The analysts are fighting this rally tooth and nail. So many of them don't believe in it, don't want it and are betting on it to end and end quickly.
Last week, for example, we got multiple downgrades of the bank stocks, which have been huge winners since the election of Donald Trump. We have seen regional banks be downgraded. We have seen major banks be downgraded. We have read that they have gotten overvalued and are away ahead of themselves.
And all they did was power higher. Why not? Despite their monster moves they are so far behind the rest of the market it's pretty humorous.
Bank of America (BAC) , which has rallied from $16.60 -- it's tangible book value -- to $20 since the election, is only back to where it was in April 2010. The Dow was at 10,625 back then. It's now at almost 19,000.
KeyCorp (KEY) is only half of where it was in 2007 before the Great Recession but I could easily argue it is a much better bank now.
Action Alerts PLUS holding Citigroup (C) , which just boosted its buyback by $1.75 billion, giving it $12.2 billion in firepower, isn't even back to where it was in July 2015. Yet it has cleaned up its balance sheet, boosted its earnings power and has a tangible book value of $64. That means every dime it spends on its stock down here at $55, admitted up from $47 before the election, is additive to earnings. It's supposed to earn $5.17 per share next year but I think it can earn a lot more if it keeps buying back stock and we get a couple of rate hikes, which, frankly, seem to be in the cards.
How can these banks be ahead of themselves when they are nowhere near where they used to be but we are facing an easing of regulation, rate hikes instead of rate cuts and the possibility of ending costly litigation and slimming compliance and legal departments that are all negative for earnings? The group's a buy not a sell.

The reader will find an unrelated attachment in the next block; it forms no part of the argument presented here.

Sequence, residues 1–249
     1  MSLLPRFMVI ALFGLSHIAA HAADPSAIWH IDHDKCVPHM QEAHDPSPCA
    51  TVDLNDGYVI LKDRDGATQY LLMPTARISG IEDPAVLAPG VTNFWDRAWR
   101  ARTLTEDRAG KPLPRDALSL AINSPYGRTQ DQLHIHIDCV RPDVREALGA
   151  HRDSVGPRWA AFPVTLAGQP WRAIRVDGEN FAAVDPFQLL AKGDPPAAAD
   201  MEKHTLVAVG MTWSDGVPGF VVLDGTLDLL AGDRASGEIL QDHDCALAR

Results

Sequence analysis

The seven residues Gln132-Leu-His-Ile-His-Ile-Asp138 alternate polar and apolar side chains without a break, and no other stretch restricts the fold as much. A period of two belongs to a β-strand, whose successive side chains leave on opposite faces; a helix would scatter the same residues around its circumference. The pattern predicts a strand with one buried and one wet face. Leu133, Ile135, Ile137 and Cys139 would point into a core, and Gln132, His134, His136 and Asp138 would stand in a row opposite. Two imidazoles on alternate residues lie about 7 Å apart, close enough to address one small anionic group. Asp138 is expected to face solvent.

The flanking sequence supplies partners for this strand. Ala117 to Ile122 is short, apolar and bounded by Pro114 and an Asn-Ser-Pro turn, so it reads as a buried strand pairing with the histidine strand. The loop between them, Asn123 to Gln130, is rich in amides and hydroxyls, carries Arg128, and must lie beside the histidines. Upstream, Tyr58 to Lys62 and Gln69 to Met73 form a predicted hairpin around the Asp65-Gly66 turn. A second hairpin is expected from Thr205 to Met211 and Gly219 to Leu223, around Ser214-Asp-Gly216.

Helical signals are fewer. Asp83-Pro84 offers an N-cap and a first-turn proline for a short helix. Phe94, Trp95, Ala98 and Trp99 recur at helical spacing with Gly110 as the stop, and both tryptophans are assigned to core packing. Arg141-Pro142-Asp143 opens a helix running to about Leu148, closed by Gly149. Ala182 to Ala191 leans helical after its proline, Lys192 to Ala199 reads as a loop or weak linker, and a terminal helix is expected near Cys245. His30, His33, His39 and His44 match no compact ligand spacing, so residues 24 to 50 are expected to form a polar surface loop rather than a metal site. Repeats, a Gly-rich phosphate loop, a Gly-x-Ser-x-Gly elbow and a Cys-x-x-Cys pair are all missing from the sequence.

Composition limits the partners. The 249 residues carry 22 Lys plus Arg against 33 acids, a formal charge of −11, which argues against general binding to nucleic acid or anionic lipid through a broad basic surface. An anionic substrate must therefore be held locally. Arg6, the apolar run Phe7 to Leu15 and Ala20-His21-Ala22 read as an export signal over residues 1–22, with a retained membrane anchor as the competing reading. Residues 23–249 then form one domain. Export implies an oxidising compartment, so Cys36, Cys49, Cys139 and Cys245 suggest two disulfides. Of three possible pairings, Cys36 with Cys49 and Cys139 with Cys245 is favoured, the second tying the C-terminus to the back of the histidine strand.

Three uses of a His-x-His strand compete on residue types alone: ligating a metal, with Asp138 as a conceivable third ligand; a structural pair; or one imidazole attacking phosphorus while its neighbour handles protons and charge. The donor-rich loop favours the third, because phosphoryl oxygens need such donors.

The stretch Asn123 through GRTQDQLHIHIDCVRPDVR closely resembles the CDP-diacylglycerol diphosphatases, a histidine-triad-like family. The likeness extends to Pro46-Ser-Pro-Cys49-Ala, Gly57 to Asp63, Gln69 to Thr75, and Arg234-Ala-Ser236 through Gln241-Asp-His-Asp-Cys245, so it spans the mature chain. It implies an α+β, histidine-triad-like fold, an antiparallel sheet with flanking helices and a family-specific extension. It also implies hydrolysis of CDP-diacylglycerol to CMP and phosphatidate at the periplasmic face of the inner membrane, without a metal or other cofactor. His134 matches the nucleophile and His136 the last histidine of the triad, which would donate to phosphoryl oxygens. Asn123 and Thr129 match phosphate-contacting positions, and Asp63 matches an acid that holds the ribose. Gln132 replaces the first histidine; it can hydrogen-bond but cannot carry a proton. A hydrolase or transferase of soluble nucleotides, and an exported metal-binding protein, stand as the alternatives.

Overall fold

Or how about this morning when Goldman Sachs goes buy to hold on Illinois Tool Works (ITW) and 3M (MMM) . Look, I totally get that these stocks have had nice runs. Illinois Tool Works traded as low as $79 in January of this year. It is now at $123. 3M, at $171, is 37 points from its low.
But when do you get back into these stocks if you sell them? 3M is up 13% for the year. You want to get back in when it is down five? Seven? Ten? Too cute by half.
Plus, I don't want to rub it in anyone's face, but on Jan. 22, 2016 Goldman Sachs took Caterpillar (CAT) from a hold to a sell because of what it called an "extended commodity infrastructure downturn." The analyst used a price target of $51.
Today the stock is at $92. Ill-advised.
Finally, consider today's trashing of Apple (AAPL) by Oppenheimer in a piece called "The First Crack." Opco said it expects Apple iPhone sales to peak in fiscal year 2018 and that it has nothing else to take up the slack. Why? "We believe Apple lacks the courage to lead the next generation of innovation; instead it will become more reliant than ever on the iPhone." (Apple is a holding in Action Alerts PLUS.)
What will happen to Apple then? "We believe Apple is about to embark on a decade long malaise. The risks to the company have never been greater."
OK, put aside that the company might get as much as $40 a share back if the government does a massive repatriation of overseas cash.
Can we stipulate that this company's stock may be inexpensive on 10 times that fated 2018 year's earnings? Can we say that its services revenue from the tired old iPhone with more than a billion users could be gigantic, larger than a Fortune 100 company next year? Can we accept that its R&D budget will produce something new different and better? Yes, I wanted Apple to buy Harman (HAR) . No, I don't think its best days are behind it. We resolved that when the stock was at $93; here it is at $111.
I don't want to fight that tide of potential good news for Apple or for any of these stocks. So be my guest. Battle the move. But accept that you aren't necessarily selling expensive stocks. You are just selling stocks that have run, and there's a great deal of difference between the two.